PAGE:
The intention has been to keep things positive, and with a few exceptions, I think I’ve managed to do so. That said, I must warn you. There’s no covering up, the novel pictured on the left provides nothing the jacket claims. The story is not “hilarious,” nor is it “subversively compelling.” I’d like to meet this guy’s publicist and friends who said so. Since I’ve fallen into mostly awesome stuff in the 2009 in Books project, I was bound to eventually be deceived by a cleverly-titled book that offered little reward.
#39 was simply a let-down from the get-go. Let’s face it. A story about an arsonist burning down Emily Dickinson’s house simply has to deliver. Why then, couldn’t it have? The long-winded Arsonist’s Guide to Writers’ Homes in New England would have surely benefitted from a few more drafts, whittling-down the narrator’s excessive descriptions, adding more intriguing characterizations, or maybe just finding a clearer direction in general. As a reader, it’s never enjoyable to have things repeatedly spelled out for you as if you don’t have a brain. The narrator is boring, flat, wholly unlikeable, and his dumbing-down of every event turns out to be less a device and more uninspired writing. I hurts when you realize that this Brock Clarke was surely capable to do so much more!
There are a few moments of payoff, like one memorable exchange between the narrator and the person whose parents happened to die in the Dickinson house fire. This very painful moment, and maybe a few others, are why I feel sort of bad for ranting about how unenjoyable this one was. There’s certainly lousier fiction out there to be read. I’ve just been fortune enough to avoid the stuff this year.
I’m pleasantly surprised to hear that he’ll be delivering some new music. A new Discover America release, titled “Future Paths,” should be on the horizon, along with a follow-up to the stripped-down “Blackest Hair, Bluest Eyes” solo release. Did I say I can’t wait?
The cover art reminds me of a TV I used to watch cartoons on while eating breakfast at my grandma’s:
My wonderful professor, Kerry Madden, has a story in the L.A. Times today about the difficulties accompanying her recent move from California to Alabama. I think I should assure her that, in seven or so years, I have not decided between Auburn and Alabama. Nor will I ever.
Check out Kerry’s story. Excerpt:
Another apartment we checked out was in a gated community that boasted “Virgin Margaritaville Night” and a location handy to Chick-fil-A. We also considered Fannie Flagg’s nearby neighborhood of Irondale out of homage to “Fried Green Tomatoes at the Whistlestop Cafe,” but from the back seat, Norah gazed at the faux train depot and announced, “I feel empty inside.”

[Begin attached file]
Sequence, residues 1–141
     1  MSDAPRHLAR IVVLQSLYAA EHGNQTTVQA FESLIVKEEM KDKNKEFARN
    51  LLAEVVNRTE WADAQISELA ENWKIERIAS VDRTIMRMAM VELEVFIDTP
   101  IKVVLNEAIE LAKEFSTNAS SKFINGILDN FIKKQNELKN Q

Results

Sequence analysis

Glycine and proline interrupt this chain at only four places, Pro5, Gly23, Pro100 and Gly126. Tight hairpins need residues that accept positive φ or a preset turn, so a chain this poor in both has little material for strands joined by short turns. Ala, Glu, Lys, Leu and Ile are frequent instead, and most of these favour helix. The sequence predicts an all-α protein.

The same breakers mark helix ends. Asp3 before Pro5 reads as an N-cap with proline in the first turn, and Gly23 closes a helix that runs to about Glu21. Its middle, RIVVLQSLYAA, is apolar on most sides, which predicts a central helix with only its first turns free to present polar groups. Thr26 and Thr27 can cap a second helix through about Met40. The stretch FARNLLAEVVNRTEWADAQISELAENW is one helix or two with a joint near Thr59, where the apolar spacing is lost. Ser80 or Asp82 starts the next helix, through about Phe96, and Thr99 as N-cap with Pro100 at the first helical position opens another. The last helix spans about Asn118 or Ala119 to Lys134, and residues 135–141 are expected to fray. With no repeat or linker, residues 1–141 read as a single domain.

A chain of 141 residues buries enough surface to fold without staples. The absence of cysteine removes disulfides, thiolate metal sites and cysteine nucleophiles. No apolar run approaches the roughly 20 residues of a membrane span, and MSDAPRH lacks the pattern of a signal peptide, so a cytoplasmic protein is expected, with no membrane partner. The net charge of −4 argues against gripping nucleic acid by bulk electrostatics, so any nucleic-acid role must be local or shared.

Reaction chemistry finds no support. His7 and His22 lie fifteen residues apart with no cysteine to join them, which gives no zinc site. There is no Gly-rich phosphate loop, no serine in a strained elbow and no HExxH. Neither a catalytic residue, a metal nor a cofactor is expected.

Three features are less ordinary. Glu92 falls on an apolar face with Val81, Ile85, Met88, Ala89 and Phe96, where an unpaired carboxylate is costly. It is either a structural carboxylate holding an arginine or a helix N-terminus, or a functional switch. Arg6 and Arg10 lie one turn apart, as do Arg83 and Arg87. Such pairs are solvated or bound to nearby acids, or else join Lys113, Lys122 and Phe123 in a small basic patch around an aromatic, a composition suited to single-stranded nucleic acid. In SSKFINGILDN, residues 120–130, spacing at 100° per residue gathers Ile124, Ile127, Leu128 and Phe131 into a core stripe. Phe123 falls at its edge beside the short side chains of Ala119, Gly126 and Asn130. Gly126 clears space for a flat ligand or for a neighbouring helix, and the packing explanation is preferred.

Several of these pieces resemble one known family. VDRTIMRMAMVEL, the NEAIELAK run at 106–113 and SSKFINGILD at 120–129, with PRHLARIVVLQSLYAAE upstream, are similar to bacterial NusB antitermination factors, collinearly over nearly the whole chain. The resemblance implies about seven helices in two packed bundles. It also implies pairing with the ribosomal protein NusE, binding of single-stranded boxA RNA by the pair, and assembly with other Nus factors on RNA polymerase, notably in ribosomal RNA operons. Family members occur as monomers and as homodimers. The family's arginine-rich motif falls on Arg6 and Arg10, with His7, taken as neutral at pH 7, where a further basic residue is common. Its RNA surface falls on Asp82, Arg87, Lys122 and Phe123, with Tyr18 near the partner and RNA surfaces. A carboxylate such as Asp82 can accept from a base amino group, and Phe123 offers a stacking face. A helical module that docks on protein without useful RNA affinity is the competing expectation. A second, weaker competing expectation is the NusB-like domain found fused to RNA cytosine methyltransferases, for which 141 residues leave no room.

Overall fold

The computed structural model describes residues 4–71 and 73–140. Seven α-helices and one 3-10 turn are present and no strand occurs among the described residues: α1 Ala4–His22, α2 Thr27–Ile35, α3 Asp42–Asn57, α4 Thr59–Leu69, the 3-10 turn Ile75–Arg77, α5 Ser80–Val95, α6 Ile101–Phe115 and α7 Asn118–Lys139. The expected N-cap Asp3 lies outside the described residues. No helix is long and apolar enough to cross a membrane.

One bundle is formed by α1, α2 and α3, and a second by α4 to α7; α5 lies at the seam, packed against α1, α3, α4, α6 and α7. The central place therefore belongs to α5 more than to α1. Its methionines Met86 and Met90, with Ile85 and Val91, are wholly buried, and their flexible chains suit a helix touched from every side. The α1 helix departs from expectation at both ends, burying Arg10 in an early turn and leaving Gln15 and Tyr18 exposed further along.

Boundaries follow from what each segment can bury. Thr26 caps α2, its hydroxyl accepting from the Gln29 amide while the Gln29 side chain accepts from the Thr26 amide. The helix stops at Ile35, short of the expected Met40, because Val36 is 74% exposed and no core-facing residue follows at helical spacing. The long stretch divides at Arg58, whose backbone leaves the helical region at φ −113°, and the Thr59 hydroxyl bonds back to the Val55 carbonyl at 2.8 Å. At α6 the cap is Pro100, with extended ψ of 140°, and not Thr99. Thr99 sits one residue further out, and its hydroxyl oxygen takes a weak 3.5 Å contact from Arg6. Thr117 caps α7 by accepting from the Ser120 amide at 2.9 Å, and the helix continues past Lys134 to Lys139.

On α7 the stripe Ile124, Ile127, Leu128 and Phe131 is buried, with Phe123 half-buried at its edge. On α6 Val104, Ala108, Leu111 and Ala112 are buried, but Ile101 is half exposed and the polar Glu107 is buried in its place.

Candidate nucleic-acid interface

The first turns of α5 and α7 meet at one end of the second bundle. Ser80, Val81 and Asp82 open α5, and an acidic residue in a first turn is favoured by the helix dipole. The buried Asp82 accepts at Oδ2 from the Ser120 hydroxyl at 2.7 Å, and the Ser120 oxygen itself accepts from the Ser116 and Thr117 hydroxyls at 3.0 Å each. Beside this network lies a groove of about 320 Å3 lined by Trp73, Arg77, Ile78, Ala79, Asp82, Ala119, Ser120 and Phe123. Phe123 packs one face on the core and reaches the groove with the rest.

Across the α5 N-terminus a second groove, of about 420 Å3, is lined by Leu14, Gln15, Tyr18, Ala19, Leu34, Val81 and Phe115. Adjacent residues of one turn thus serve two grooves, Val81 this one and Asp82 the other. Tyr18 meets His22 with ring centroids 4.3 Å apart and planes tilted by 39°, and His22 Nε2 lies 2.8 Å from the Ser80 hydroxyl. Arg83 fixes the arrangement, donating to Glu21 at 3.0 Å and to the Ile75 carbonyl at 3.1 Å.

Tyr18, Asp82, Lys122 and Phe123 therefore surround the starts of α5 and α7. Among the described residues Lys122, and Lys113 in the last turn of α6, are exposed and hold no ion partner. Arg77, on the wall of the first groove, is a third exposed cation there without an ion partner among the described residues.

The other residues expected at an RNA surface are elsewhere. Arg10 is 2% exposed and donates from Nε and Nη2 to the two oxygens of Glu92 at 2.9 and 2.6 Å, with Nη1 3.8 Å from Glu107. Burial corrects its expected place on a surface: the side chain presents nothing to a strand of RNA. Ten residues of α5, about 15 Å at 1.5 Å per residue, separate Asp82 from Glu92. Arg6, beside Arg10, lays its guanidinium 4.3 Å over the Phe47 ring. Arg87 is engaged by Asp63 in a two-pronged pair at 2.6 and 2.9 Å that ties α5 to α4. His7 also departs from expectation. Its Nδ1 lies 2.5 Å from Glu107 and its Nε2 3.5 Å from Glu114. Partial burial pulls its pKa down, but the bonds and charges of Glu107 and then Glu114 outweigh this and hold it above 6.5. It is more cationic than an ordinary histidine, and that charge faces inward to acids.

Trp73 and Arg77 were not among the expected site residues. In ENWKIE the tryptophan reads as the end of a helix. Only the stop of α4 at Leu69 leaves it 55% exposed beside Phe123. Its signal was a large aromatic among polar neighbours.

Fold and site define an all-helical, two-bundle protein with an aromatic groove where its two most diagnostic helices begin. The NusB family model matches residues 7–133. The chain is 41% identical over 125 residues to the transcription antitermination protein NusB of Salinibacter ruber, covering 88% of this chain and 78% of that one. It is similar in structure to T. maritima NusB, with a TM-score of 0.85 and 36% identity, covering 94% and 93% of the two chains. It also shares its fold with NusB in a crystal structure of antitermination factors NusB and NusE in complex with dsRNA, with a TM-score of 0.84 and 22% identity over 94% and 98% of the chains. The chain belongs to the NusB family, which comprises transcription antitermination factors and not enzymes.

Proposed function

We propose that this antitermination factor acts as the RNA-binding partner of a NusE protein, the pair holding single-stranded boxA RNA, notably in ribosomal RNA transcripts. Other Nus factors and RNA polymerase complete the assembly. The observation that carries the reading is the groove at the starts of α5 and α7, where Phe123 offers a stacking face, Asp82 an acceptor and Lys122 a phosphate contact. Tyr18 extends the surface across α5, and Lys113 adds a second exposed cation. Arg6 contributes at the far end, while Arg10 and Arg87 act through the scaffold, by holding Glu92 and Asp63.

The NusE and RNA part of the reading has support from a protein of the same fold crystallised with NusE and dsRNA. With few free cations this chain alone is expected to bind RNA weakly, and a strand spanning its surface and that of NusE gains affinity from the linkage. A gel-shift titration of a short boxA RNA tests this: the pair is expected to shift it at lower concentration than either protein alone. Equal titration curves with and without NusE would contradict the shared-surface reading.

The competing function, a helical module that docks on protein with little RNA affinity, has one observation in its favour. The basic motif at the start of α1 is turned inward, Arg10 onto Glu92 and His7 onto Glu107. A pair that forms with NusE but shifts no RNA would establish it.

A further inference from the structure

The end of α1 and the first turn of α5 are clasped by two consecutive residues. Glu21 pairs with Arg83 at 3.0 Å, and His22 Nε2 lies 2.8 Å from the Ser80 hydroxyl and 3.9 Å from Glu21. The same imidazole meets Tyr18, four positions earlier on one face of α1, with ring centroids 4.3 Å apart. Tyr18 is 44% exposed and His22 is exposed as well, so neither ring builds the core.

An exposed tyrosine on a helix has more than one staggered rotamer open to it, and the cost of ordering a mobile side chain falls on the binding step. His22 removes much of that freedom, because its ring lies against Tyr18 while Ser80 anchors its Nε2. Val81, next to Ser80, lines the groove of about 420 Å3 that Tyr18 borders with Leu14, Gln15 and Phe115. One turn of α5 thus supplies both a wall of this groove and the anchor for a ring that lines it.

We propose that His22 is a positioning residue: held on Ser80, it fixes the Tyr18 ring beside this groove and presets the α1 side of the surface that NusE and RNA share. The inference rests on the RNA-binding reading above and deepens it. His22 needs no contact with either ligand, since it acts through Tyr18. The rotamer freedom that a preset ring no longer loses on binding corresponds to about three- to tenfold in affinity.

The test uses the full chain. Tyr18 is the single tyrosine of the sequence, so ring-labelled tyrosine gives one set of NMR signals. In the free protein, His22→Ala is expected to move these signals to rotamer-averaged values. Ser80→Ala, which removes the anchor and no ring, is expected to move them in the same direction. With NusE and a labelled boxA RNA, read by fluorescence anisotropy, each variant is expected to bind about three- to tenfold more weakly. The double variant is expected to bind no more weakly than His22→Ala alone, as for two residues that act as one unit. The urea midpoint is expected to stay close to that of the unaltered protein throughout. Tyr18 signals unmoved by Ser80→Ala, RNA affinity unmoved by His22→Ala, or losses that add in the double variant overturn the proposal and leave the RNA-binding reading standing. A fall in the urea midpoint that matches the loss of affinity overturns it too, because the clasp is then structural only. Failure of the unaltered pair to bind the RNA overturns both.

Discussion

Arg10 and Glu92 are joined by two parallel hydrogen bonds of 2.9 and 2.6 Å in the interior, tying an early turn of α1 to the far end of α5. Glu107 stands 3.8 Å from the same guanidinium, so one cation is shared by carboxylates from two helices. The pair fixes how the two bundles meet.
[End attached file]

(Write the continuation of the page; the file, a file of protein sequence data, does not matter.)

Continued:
I’ve been taking my sweet time getting around to the last few books I’ve read. So once again, it’s time to play catch up. A few notes about this one have been sitting on my desktop for close to two weeks. It feels like Hank has been quietly reminding me not to forget about him.
I certainly enjoyed #38. I’ve always loved the man’s songs, and even visited his grave once on a trip through Montgomery to take photos. What makes Lovesick Blues: The Life of Hank Williams a winner might be the author’s genuine enthusiasm for the topic. He breathes new light into an old story, to tell us about the famous abusive alcoholic who predated rock and roll by nearly a decade. In ways HW built the rock legend archetype from the ground up, dabbling in affairs, bad marriages, and often being too intoxicated perform, if he showed up at all.
Little did I know before this book how autobiographical every song happened to be. With only “three chords and the truth,” Hank wrote songs with titles like “Why Don’t You Love Me (Like You Used To Do),” bringing country music into the forefront of popular culture. It’s also interesting how a black street performer taught him how to play the blues as a child. As the author notes, ”If (Hank) had a genius, it was simplicity.”
As an artist, Hank Williams made suffering enjoyable. Out of the 66 songs he recorded, he wrote 50 himself. He grew up fast, and died young (and as Minnie Pearl and June Carter both noted, they all figured it was coming any day). This one is fully recommendation to anyone mildly interest in the subject.
“The eskimos had 52 words for snow because it was important to them. There ought to be as many for love.”
— Margaret Atwood
Get excited. There’s a posthumous collection of unpublished Vonnegut stories coming out next month.
Here’s the strange artwork, illustrated by the man himself no doubt, for Look at the Birdie:
Around the release of the new book, Delacourte Press will also be re-releasing many of the others. While not mind-blowing, these simply-designed covers newer seem to have a bit more in their favor than the boring outstretched “V” editions from the late-nineties.
I never liked it when Jay-Z announced his retirement, only to immediately return. But with Kurt I can only greet this decision with enthusiasm.